Britpop to Hip Hop: Blur to Gorillaz in 10 Songs

Britpop to Hip Hop: Blur to Gorillaz in 10 Songs

Posted 21 Oct 2020
damon albarn
Damon Albarn. Photo by Michel Linssen/Redferns/Getty Images. 

As we eagerly await the arrival of Gorillaz seventh studio album, Song Machine, Season One: Stange Timez this Friday (Oct 23rd pre-order here), it seems like the perfect time to look back at the astonishing timeline of hits that has led up to this release, from when frontman, Damon Albarn first arrived on the Britpop scene with Blur in the early ’90s, and crossed over into the indie alt-rock of the late ’90s. 

Forever a force of creativity, Albarn returned at the dawn of the millennium with Gorillaz – one of the world’s first “virtual bands,” created in collaboration with renowned artist, Jamie Hewlett. With Gorillaz, Albarn departed from the Britpop bounce of Blur; drawing on everything from hip hop to world music, Latin and dub in a wildly postmodern pastiche that came together in a string of multi-platinum singles.

But, it’s hardly surprising, considering the songwriting wizardry of Albarn that, for three decades and counting, has delivered hit after hit after hit. So, sit back and enjoy the ride from Britpop to hip hop with Blur to Gorillaz in 10 songs below! 

1. Blur | Leisure (1991)

“There’s No Other Way”

Blur’s debut album Leisure arrived in 1991, stacked with singles and introducing the recurring theme of satirising on suburban life. While Albarn doesn’t list the album among the best of his works, lead single, “She’s So High” followed by “There’s No Other Way” and “Bang” is a pretty undeniable entrance by anyone’s standards!  

2. Blur | Modern Life Is Rubbish (1993)  

“Chemical World”

For their follow-up release, Blur looked back to their home country icons like the Kinks and The Jam for inspiration, while lyrically continuing to wage war on English suburbia. While it didn’t bring them massive chart success – peaking at 15 in the UK – it did win them the favour of critics for Albarn’s slick lyrical rhetoric. 

3. Blur | Parklife (1994)  

“Girls & Boys”

Parklife arrived one year later and turned critics favour into chart-topping success for the very first time. Home to four massive singles – “Girls & Boys,” “End of a Century,” “Parklife” and “To the End.” Parklife debuted at number one in the UK and remains hailed a Britpop classic. 

4. Blur | The Great Escape (1995)  

“Country House”

With their fourth album, Blur went head to head with Britpop rivals, Oasis, taking out the number one spot on the UK Singles Chart for the very first time with “Country House.” The Great Escape also delivered follow-up hit singles with “The Universal,” “Stereotypes” and “Charmless Man” all reaching the Top 10. But despite the album’s runaway success, along with Leisure, it makes up the two albums Albarn himself doesn’t rate.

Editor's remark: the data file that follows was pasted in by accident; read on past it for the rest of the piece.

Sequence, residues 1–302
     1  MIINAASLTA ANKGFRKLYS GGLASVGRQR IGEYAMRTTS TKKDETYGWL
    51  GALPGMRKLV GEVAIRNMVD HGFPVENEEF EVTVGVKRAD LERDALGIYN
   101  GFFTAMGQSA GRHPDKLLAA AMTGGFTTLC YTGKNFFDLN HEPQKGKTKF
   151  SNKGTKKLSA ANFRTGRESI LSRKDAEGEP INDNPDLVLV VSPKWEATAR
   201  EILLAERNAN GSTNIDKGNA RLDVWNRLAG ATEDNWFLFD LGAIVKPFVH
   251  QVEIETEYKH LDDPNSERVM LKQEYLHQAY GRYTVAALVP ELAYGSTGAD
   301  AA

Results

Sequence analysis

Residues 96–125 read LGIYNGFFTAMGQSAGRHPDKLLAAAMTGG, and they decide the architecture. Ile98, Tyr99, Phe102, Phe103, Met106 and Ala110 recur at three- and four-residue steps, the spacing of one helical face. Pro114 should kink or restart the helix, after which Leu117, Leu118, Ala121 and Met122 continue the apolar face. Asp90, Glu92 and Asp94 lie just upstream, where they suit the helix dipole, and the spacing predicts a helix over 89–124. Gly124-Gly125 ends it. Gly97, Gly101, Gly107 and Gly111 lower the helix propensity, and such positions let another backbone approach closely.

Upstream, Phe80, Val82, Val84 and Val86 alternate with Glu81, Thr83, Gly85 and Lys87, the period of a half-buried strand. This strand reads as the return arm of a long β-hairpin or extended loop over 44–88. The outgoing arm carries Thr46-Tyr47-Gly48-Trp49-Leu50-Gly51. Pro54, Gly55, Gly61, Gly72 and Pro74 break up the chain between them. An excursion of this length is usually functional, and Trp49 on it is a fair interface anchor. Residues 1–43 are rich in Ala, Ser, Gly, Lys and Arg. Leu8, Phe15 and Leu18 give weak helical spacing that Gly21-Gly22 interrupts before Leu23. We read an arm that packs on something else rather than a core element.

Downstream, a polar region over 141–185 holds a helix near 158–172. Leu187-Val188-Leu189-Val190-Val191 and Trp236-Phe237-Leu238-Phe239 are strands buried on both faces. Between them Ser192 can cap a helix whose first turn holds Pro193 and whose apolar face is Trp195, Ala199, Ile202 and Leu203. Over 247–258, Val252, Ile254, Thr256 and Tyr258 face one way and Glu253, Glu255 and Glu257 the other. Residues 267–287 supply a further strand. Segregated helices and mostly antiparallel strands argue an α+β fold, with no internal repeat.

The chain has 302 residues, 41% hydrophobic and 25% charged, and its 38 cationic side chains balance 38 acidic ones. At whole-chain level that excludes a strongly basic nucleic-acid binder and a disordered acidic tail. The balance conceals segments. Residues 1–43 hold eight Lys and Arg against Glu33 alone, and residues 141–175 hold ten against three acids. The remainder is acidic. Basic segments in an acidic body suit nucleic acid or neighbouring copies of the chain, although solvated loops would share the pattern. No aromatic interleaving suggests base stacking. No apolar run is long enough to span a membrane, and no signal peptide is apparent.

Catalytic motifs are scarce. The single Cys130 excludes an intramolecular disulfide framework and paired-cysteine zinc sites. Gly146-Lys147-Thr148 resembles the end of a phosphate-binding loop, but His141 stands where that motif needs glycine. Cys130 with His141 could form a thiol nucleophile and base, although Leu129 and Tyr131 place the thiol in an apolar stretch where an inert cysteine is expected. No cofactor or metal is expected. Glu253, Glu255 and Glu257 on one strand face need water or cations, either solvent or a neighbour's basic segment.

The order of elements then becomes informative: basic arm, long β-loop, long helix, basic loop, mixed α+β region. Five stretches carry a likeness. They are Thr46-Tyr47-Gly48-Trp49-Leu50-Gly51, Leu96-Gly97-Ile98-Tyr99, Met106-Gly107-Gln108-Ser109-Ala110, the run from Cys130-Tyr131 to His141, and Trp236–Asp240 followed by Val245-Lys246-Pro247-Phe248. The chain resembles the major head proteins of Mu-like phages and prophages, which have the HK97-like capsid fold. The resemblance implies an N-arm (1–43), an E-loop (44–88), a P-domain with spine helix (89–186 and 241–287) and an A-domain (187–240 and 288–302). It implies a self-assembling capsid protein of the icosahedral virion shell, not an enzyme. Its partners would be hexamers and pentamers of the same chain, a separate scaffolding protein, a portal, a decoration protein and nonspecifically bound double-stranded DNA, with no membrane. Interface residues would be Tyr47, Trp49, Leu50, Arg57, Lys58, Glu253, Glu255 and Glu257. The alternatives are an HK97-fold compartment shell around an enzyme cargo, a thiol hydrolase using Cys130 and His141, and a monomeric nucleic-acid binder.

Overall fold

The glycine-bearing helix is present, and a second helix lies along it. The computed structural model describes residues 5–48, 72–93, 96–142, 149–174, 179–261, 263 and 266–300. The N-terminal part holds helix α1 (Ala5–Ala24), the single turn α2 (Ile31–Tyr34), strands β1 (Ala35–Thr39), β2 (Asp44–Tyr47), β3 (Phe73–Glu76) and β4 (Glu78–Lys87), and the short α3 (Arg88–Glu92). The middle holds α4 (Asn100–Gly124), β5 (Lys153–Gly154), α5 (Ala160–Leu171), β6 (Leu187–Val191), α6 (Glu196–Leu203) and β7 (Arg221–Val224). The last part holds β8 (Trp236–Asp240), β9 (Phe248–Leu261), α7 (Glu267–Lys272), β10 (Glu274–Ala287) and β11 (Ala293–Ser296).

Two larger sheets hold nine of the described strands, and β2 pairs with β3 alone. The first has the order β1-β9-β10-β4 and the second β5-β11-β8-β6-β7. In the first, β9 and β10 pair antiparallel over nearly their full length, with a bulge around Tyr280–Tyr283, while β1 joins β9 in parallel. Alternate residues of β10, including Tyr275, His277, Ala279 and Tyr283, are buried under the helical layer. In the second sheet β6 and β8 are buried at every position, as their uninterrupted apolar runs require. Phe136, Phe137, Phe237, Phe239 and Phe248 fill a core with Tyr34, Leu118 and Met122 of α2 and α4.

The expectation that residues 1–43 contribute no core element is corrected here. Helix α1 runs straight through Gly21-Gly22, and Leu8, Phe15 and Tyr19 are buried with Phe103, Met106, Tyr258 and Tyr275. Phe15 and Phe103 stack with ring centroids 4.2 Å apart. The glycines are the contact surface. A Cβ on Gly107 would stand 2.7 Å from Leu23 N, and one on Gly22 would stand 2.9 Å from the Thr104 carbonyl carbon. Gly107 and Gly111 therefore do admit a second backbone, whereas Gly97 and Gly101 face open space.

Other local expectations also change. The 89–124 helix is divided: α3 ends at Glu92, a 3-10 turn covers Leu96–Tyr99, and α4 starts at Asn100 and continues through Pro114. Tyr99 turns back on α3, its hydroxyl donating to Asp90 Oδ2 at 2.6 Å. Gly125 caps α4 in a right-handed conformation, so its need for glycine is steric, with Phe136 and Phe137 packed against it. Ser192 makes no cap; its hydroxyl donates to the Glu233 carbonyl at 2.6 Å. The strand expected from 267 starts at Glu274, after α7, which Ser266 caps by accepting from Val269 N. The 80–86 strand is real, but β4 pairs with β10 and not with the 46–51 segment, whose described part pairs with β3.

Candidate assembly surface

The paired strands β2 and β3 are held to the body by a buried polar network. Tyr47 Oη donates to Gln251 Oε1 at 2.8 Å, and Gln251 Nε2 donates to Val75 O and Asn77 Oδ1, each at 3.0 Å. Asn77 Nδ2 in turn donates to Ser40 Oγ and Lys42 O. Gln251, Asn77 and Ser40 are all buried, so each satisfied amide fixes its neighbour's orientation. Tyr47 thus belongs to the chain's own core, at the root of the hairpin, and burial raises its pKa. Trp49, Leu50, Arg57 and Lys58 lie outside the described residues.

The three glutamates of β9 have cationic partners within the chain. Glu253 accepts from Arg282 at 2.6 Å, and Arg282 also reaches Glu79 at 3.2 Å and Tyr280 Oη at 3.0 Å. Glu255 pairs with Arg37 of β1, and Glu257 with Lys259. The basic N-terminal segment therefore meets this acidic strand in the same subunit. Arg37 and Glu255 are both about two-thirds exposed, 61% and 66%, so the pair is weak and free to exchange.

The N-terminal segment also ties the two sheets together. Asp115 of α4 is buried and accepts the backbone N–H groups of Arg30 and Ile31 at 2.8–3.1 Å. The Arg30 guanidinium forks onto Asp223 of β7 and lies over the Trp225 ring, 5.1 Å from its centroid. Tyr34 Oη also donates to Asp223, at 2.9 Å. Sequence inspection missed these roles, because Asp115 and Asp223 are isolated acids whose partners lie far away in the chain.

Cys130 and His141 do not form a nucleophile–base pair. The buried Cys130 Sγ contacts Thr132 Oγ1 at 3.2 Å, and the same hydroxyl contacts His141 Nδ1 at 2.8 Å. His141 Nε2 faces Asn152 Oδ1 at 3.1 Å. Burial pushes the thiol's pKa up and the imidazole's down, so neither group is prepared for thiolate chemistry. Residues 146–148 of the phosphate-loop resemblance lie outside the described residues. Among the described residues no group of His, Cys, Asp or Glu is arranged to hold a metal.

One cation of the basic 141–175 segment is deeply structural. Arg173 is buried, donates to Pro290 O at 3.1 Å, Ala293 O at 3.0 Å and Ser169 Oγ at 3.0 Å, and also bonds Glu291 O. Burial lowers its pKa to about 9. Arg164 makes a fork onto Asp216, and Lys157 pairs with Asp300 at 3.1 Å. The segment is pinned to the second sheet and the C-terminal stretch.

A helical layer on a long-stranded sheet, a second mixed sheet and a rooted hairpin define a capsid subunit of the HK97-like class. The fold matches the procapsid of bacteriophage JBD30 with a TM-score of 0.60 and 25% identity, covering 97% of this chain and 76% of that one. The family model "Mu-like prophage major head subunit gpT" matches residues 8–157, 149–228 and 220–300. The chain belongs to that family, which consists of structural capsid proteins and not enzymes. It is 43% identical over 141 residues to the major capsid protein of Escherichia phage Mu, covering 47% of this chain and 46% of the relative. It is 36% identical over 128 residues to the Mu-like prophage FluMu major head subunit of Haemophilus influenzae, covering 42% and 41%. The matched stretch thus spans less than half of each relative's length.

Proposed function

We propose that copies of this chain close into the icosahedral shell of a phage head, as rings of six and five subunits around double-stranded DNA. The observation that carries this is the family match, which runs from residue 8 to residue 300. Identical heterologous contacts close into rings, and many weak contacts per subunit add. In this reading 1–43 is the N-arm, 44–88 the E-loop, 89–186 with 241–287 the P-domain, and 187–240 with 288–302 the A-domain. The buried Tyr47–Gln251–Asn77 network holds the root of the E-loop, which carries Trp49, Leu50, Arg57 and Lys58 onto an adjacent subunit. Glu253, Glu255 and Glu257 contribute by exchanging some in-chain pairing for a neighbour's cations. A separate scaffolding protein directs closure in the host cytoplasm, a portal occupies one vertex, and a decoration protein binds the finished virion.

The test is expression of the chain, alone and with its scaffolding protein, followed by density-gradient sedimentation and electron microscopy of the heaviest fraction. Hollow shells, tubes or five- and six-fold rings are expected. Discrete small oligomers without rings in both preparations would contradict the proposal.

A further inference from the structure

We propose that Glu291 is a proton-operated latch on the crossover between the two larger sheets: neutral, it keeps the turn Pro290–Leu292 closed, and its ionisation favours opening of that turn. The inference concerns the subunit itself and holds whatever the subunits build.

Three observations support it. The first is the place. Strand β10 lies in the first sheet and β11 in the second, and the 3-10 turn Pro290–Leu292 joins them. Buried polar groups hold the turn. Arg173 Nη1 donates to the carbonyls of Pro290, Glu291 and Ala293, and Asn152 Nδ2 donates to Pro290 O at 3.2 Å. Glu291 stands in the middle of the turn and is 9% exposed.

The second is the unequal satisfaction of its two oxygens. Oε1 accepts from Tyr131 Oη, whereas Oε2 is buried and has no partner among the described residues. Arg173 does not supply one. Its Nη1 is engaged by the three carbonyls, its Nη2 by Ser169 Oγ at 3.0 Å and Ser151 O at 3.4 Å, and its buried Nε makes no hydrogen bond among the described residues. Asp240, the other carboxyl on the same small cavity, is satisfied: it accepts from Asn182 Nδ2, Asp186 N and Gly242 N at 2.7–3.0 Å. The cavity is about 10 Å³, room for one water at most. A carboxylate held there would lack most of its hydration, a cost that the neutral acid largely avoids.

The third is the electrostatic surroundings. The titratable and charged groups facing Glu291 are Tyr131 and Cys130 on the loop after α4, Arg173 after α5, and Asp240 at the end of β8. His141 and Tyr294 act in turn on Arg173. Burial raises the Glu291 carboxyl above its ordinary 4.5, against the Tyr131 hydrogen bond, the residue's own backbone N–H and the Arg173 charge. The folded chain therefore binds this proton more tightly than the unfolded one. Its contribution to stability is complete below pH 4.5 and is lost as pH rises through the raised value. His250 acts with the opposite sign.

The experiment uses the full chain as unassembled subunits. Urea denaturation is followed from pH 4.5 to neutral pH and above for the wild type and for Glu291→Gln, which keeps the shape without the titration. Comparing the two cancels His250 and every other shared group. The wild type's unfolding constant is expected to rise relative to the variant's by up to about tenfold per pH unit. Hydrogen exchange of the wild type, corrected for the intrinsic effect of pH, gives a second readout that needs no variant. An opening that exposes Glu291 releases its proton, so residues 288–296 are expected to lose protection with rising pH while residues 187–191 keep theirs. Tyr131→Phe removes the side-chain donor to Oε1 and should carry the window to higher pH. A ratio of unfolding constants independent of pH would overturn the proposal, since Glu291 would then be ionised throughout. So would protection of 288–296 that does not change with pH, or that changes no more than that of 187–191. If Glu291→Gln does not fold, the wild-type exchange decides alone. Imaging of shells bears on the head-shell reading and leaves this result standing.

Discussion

5. Blur | Blur (1997) 

“Song 2”

After conquering Britpop, Blur put emotion at the forefront of the self-titled fifth album, drawing on American indie rock influences like Beck and Pavement at the suggestion of guitarist, Graham Coxon. Albarn’s lyrics drew more from personal experiences rather than the satirical commentary he’d previously relied on. The style change was a gamble, and a massive success with the albums lead single, “Beetlebum” reaching the top of the UK Singles Chart and it’s searing follow-up, “Song 2” bringing the band the US success that had alluded them to that point. 

6. Blur | 13 (1999)  

“Tender”

With 13 the band turned deeper into their experimental and psychedelic side. Brent DiCrescenzo of Pitchfork said in a review, “Blur have finally found a sound to match their name.”

7. Blur | Think Tank (2003)  

“Out of Time”

Think Tank continued the jam-based songwriting approach of 13 and introduced sampled rhythm loops and brooding electronica into the mix. But Albarn's expanding interest in hip hop, dub and world music was already beginning to shine through in his expanding side project… 

8. Gorillaz |  Gorillaz  (2001)  

“Clint Eastwood”

Albarn first met comic book creator, Jamie Hewlett in 1990 when Coxon asked him to interview the band. Despite not really getting along initially, they somehow ended up sharing an apartment together. One night, while watching MTV, the pair came up with the idea to create Gorillaz as a playful comment on the artificiality of pop music – and smashed it out of the park with their debut single “Clint Eastwood.”

9. Gorillaz |  Demon Days (2005)  

“Feel Good Inc.”

Follow-up, Demon Days was a genre-bending hit machine! Delivering a streak of hit singles – “Feel Good Inc.” “Dare,” “Dirty Harry,” “Kids with Guns,” and “El Maana.” Stacked with A-list guests the album is certified 6x Platinum in the UK. 

10. Gorillaz | Song Machine, Season One: Strange Timez (2020) 

“Strange Timez” ft. Robert Smith 

Celebrating 20 years as a band, 2020 has seen Gorillaz drop a steady stream of singles sporadically throughout the year. Each single has arrived as “Episodes” consisting of a collection of singles and music video, audio outtakes and remixes, each featuring a different high-profile guest artist, across generations and genres – everyone from Elton John to St Vincent have joined the party! The album’s title track, featuring The Cure’s Robert Smith as the man in the moon couldn’t sum up these strange times any better. 

Song Machine, Season One: Strange Timez arrives on various formats this Friday, October 23rd. There’s a stack of awesome bundles options, including vinyl, CD, cassette, art prints, T-shirts and much more available to pre-order, now.  

Pre-order Song Machine: Season One – Strange Timez, here.

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